Now, often when we talk through the symptoms of how this low professional role confidence manifests itself at work, I get a lot of comments like, “Oh, I didn't realise that was the root cause of the problem.” So I want to share a couple of ways that this manifests itself, so that the listeners who may not be recognising this root cause can see it for what it is.
So these are things like struggling to speak up, not asking for what you want, feeling like you don't belong, not asserting yourself. Struggling with overwork is a big one and that's overwhelm, exhaustion – feeling like you need to work harder than everybody around you to prove yourself to be successful. It’s very common for any woman in the technical field, as well as things like second guessing yourself, especially when it comes to, like, “should I take this career risk?” “Should I go for this role that I'm not 100% qualified for?” Those sorts of things. And I think the worst part of all of this is we start to rationalize why we aren't doing what we want at work. We tell ourselves things like “I just need more experience” or “now is just not a good time”.
And I want to be super clear about what is actually going on here because I think a lot of times, confidence issues are presented as an individual problem to be solved by that individual. What happens is, you know, often they're the only woman in the room, the only woman of colour. If they are very lucky, there's more than one there. But when you get into those roles, especially in the technical fields, all these well-documented ingrained cultural biases and institutional racism
and double standards that we see, especially when it comes to leadership styles, all those things start to poke holes in your confidence.
For example, there was a, there have been many studies on this but there was one point of STEM graduates that found women in STEM had lower confidence levels than any other major they surveyed, and it got worse each year they were in their field. And it was even worse at top schools, and I hear that we can extrapolate that to organizations as well. So if you are at an Apple or Amazon or Google, it's even worse for those women.
So I want to give the listeners a very telling question to ask yourself. If you're listening to this and you're like, “Well, I'm not sure confidence is really the root of my problems”, so ask yourself this question. Would you show up at work differently if you were 100% confident in yourself? Think back to the last day. Would you have shown up differently in any of those interactions you had with people? And if the answer is yes, it's very likely that professional role confidence has something to do with your current challenges.
Sarah E. Brown 6:49
Wow. So what's the biggest mistake your clients make before working with you?
Stephanie Slocum 6:55
So the biggest mistakes I see, there's actually two of them. The first is not acknowledging that as a woman, you need an extra set of tools to be successful.
When I was starting early in my career, I had an executive woman tell me that gender had nothing to do with my career progression in engineering, and as a result, I thought there was something wrong with me. I thought I was imagining some of the experiences I had where I noticed I was getting treated a bit differently than male counterparts with similar levels of experience.
The challenge there is that when you don't see gender and you pretend that it has nothing to do with it or you're like me and you're in denial. When you've got this blinders on and you sit in a meeting and you see that it's easier for other people to gain buy in for their ideas when you're ignored or you're interrupted, you start to think something is wrong with you, and then you rationalize it. You rationalize that you just need more experience. You need more training or credentials or whatever it is. You rationalize that if you just work harder, things will change. And then instead of seeing generations of the institutional gender and racial biases and starting to think creatively about “okay this exists, how do I work around that?” you instead start to think to yourself, “I'm not good enough”, and you start to equate your productivity with your worth.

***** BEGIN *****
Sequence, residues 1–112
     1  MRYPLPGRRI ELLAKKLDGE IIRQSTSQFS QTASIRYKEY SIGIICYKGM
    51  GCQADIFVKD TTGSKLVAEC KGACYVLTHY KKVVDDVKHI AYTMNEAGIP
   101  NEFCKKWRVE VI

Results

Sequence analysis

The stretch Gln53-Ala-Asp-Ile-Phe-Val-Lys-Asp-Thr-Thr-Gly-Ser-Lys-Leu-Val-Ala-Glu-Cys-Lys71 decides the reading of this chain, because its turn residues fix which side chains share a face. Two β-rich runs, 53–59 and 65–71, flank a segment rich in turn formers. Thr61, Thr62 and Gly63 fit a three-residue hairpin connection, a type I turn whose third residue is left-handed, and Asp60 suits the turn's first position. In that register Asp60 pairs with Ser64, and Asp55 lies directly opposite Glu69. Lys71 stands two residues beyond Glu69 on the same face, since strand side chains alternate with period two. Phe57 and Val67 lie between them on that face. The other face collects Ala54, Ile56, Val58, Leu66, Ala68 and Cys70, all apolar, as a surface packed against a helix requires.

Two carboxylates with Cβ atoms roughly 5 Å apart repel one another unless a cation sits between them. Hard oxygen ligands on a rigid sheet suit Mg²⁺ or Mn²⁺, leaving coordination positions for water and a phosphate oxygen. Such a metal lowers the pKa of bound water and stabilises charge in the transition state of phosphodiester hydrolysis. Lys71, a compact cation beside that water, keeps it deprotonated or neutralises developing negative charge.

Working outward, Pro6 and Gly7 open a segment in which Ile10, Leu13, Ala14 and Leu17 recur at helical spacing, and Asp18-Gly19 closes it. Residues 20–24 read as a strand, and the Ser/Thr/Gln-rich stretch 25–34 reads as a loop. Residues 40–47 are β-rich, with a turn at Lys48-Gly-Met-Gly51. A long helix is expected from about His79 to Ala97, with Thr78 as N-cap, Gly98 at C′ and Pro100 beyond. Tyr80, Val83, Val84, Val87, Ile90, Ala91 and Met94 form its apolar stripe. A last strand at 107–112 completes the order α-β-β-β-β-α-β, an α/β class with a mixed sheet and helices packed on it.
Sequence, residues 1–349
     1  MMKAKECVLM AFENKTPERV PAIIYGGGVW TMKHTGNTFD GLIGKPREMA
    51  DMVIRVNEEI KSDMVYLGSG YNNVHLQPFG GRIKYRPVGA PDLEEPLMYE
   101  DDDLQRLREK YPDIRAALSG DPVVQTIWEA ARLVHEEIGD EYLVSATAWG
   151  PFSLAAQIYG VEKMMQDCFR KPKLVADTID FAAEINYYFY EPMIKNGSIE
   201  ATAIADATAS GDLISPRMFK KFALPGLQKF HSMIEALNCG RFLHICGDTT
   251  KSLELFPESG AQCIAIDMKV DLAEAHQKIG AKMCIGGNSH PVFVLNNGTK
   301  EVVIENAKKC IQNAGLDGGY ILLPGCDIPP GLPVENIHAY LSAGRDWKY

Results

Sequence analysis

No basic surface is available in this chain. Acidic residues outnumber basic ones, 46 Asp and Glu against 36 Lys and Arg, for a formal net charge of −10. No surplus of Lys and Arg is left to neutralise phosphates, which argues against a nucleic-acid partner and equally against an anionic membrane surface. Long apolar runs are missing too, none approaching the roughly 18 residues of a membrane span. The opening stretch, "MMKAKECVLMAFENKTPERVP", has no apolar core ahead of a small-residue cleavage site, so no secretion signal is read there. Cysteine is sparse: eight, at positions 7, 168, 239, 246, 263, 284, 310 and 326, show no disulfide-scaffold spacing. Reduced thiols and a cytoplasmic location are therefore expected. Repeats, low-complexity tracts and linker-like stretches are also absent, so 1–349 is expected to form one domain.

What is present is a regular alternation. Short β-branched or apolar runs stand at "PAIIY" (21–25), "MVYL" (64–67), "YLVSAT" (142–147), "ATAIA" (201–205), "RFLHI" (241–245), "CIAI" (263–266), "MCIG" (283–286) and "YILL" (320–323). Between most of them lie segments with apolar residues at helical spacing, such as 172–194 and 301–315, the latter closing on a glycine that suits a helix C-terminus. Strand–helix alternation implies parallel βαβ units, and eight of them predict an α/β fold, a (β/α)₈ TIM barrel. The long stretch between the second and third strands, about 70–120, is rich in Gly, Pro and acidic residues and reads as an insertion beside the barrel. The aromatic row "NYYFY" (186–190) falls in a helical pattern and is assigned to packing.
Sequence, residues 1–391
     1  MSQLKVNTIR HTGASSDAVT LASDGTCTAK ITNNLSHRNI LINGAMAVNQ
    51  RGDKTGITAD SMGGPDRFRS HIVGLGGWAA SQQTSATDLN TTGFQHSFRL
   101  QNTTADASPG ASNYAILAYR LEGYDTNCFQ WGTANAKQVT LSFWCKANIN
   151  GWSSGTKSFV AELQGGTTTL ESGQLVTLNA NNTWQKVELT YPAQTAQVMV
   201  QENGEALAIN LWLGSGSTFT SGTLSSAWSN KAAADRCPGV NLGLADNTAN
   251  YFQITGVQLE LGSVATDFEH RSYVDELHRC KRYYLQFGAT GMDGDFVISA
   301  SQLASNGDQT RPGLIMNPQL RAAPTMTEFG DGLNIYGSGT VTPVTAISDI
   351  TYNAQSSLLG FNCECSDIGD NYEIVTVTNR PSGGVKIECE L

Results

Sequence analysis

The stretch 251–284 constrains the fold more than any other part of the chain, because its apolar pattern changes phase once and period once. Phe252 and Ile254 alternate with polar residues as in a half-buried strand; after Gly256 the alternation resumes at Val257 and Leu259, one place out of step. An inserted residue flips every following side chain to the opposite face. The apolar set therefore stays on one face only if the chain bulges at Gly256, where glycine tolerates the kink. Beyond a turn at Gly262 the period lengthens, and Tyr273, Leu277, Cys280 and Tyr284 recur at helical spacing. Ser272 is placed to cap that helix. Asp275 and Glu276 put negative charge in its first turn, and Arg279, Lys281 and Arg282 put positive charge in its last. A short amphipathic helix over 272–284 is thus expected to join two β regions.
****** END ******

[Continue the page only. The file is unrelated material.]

You see perfectionism as a good thing, and you do anything you can, including not taking any career risks, because you don't want to make a mistake and you start to act in ways that are not authentic to you. So for example, changing your leadership style to match what you see in the male leaders where you work. And that almost always backfires for women, in addition to making you feel terrible and not authentic to yourself.
I was listening to a recent Brene Brown podcast where she was interviewing Melinda Gates and Melinda shared her own experience on this which mirrors my own, and is so common to women in technical fields. Melinda was talking about how she was thinking about quitting Microsoft because she didn't like who she had worked herself into being in order to fit in.
And I have had that exact same experience of going you know, right up through the career ladder, having arrived at a destination that looked fabulous on paper, and discovering I didn't really like the person I had become because I had changed myself so much to fit in with the corporate environments I was in. And a huge part of that was because at the time, I had those blinders on. I was just talking about not acknowledging my gender had anything to do with anything, and I tried to ignore it, or downplay it.
Now, I said there were two mistakes, so that was the first one. Just acknowledging that you need an extra set of tools. The second one is solving for the wrong problem.
Now as a technical person, I spend a lot of time in my day solving problems, but often what I find is we're solving for something that puts a bandaid on the problem as opposed to actually solving the root cause. So two examples that come to mind shared from a lot of the women I talked to you. First, looking for a new job because you're not happy with the one you have, when the real problem is not knowing what you want.
A lot of women, particularly in middle management, hit this point where they feel like they're not appreciated, they don't know where they want to go, they're struggling to find mentors and those sorts of things. And that is a sticking point for where women leave their firms, where they leave the industries, specifically in the technical fields. And then they run into this overwhelming and burnout and all of those things, when in reality, a lot of times, all it takes is for someone to sit down with them and say “okay, what do you actually want?” Work through that coaching process and craft, we call it job crafting, their specific role to match where they want to go. This is a huge retention challenge that can be solved.